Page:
By Robin Garrison Leach
Put up that Christmas tree. I know you’re thinking about letting it go this year. After all, the kids are grown now and the house only holds a person or two. Why bother, you ask yourself. Especially this year.
Digging through the attic/basement/closet for all those decorations. Rearranging the living room to accommodate that tired tree. Why go to all the work and mess?
I’ll tell you why. You NEED your Christmas tree. Now more than ever. It holds memories that will fill your heart with more warmth than any blazing fireplace. More tenderness than the softest whisper. And more joy than a heart can bear.
Your tree lays there in its trash bag or worn cardboard box, just waiting to be touched by familiar hands. Though not as sturdy as it once was—maybe a bit wobbly or bare in spots—it still embodies the magic of your family in its branches.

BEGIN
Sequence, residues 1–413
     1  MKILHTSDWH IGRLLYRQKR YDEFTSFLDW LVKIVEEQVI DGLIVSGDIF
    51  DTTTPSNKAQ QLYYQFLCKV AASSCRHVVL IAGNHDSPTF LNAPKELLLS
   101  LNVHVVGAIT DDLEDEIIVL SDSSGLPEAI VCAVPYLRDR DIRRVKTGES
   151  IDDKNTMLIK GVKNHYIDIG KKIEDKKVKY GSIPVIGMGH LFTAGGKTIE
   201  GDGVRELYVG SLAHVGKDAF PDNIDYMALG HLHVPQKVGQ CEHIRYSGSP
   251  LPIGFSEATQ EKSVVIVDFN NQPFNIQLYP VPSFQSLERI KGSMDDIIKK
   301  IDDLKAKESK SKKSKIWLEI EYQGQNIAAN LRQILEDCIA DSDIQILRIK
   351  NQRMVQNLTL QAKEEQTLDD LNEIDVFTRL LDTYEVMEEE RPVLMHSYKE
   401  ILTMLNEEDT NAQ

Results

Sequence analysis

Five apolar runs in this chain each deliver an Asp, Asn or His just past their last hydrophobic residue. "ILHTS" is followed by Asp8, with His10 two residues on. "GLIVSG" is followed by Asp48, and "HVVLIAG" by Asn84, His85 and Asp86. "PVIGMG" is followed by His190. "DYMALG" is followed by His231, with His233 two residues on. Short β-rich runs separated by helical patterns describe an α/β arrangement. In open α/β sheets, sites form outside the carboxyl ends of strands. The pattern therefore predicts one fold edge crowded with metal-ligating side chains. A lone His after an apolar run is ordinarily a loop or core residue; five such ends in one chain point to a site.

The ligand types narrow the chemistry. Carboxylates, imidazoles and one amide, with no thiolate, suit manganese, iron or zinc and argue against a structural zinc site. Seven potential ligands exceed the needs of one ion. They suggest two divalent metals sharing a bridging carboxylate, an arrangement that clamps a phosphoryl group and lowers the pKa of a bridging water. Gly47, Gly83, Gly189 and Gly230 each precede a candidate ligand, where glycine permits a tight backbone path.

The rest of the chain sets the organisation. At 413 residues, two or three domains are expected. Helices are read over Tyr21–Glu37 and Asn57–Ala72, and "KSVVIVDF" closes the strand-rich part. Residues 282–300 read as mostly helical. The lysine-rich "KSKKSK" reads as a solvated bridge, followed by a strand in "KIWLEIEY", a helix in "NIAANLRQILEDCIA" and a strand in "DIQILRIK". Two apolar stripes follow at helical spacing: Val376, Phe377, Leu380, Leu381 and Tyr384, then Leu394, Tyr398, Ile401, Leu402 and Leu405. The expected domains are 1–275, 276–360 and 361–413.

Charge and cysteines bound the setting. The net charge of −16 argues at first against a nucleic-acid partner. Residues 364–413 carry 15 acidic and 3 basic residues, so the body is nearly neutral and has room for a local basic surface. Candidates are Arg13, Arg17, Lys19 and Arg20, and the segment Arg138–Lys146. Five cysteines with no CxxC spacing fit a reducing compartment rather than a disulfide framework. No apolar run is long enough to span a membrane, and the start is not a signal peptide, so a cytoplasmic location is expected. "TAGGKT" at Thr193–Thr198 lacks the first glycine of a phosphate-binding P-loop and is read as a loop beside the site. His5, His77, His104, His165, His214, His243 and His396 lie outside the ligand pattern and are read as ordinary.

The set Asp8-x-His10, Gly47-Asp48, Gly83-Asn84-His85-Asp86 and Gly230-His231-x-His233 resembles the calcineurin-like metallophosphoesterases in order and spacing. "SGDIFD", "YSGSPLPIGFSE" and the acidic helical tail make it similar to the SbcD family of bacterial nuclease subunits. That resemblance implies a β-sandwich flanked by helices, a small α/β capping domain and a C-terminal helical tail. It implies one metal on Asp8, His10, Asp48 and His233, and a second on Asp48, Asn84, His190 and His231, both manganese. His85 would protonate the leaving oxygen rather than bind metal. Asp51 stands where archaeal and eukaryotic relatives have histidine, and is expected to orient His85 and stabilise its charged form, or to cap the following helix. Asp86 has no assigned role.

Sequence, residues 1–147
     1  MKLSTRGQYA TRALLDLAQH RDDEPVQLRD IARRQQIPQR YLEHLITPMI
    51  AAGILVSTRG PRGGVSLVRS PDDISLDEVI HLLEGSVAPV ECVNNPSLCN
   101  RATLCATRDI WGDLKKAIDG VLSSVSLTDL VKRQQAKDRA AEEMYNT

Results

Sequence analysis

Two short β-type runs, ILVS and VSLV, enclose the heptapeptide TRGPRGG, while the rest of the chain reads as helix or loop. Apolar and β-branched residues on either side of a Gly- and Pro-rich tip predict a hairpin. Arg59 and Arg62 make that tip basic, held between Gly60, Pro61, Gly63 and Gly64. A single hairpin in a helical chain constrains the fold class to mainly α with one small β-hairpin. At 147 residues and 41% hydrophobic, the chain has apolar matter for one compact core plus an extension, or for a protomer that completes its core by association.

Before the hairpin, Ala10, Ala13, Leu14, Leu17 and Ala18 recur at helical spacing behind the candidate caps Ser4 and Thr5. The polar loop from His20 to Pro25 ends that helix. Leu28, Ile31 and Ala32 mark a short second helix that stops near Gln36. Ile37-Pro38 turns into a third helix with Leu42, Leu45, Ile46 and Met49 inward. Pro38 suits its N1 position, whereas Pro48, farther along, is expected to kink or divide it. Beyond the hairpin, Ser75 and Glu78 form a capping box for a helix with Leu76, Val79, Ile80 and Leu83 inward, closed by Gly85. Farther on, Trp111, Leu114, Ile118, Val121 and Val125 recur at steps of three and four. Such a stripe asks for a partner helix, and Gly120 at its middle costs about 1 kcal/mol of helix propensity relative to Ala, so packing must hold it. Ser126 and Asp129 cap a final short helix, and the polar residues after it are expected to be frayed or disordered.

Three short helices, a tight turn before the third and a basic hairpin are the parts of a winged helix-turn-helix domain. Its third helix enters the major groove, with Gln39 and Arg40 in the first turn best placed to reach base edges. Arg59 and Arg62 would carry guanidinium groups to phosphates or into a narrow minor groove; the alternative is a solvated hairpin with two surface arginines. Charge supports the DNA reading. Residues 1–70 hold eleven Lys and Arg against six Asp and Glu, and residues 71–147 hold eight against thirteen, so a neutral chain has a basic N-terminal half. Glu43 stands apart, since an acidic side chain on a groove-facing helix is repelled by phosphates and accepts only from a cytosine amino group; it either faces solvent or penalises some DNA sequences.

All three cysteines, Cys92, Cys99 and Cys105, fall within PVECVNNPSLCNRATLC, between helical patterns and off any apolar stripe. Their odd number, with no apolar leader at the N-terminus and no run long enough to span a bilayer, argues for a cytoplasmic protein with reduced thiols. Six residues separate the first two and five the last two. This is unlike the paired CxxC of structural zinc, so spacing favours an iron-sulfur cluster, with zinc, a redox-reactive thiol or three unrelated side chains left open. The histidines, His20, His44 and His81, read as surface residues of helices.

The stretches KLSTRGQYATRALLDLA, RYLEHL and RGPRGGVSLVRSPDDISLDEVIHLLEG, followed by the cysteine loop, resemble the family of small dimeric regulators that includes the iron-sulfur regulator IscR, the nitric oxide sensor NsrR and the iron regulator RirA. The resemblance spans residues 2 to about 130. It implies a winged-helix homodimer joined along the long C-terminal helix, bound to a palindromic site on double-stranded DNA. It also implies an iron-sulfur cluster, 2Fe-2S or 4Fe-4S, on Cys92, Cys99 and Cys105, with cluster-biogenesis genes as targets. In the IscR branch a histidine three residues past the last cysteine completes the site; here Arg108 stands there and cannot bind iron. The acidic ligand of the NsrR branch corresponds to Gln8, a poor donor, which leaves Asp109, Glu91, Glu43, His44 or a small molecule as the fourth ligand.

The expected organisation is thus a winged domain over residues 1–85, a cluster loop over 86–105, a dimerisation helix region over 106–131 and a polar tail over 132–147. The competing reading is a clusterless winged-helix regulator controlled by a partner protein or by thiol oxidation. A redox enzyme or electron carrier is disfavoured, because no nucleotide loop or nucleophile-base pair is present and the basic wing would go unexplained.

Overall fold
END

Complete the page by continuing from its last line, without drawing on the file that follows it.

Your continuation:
In a world shivering in cynicism and shallowness, you had your Christmas tree to remind you of all the things that mattered.
The paper chains and popcorn garlands that circled your tree told the story of sweet simplicity. The homemade ornaments your children made marked the passage of years more succinctly than any timepiece.
Styrofoam balls covered with sequins. Gumdrop snowmen, squished together with earnest hands and innocent eyes. Pipe cleaner candy canes that found themselves higher and higher up the tree each year as little arms grew longer.
Plug in that strand of twinkle lights. Remember the way their reflection glowed in your new baby’s eyes? Stand back and let the magic of yesterday jump from bulb to bulb. You will feel the softness of time snuggling around your heart like fuzzy, footed pajamas. Your arms will remember the weight of growing children; the eager tug of excited hands begging for a closer look.
Now. Wrap up a few things and place them under your tree. It doesn’t matter what you put inside—it never did. The joy was always in the shaking, the guessing, the tearing open and peering inside.
For the complete column, please see this week’s edition of the Centralia Fireside Guard